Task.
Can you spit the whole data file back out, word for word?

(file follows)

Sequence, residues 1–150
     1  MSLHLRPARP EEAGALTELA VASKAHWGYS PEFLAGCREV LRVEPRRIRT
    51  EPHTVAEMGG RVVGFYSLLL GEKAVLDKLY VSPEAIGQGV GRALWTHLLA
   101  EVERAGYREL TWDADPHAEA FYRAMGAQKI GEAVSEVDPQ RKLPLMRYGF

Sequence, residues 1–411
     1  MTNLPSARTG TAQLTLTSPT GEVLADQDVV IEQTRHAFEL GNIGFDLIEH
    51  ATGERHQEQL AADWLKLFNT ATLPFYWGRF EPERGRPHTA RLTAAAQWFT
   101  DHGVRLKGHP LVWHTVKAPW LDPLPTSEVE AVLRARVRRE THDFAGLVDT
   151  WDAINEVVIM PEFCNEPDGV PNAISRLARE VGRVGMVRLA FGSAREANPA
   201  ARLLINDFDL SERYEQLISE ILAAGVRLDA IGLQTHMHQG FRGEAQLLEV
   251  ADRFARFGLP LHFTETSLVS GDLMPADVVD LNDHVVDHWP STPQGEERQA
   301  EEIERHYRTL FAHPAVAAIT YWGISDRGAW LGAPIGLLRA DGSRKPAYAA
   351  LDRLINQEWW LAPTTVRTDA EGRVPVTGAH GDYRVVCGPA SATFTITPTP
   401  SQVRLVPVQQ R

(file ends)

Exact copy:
Sequence, residues 1–150
     1  MSLHLRPARP EEAGALTELA VASKAHWGYS PEFLAGCREV LRVEPRRIRT
    51  EPHTVAEMGG RVVGFYSLLL GEKAVLDKLY VSPEAIGQGV GRALWTHLLA
   101  EVERAGYREL TWDADPHAEA FYRAMGAQKI GEAVSEVDPQ RKLPLMRYGF

Sequence, residues 1–411
     1  MTNLPSARTG TAQLTLTSPT GEVLADQDVV IEQTRHAFEL GNIGFDLIEH
    51  ATGERHQEQL AADWLKLFNT ATLPFYWGRF EPERGRPHTA RLTAAAQWFT
   101  DHGVRLKGHP LVWHTVKAPW LDPLPTSEVE AVLRARVRRE THDFAGLVDT
   151  WDAINEVVIM PEFCNEPDGV PNAISRLARE VGRVGMVRLA FGSAREANPA
   201  ARLLINDFDL SERYEQLISE ILAAGVRLDA IGLQTHMHQG FRGEAQLLEV
   251  ADRFARFGLP LHFTETSLVS GDLMPADVVD LNDHVVDHWP STPQGEERQA
   301  EEIERHYRTL FAHPAVAAIT YWGISDRGAW LGAPIGLLRA DGSRKPAYAA
   351  LDRLINQEWW LAPTTVRTDA EGRVPVTGAH GDYRVVCGPA SATFTITPTP
   401  SQVRLVPVQQ R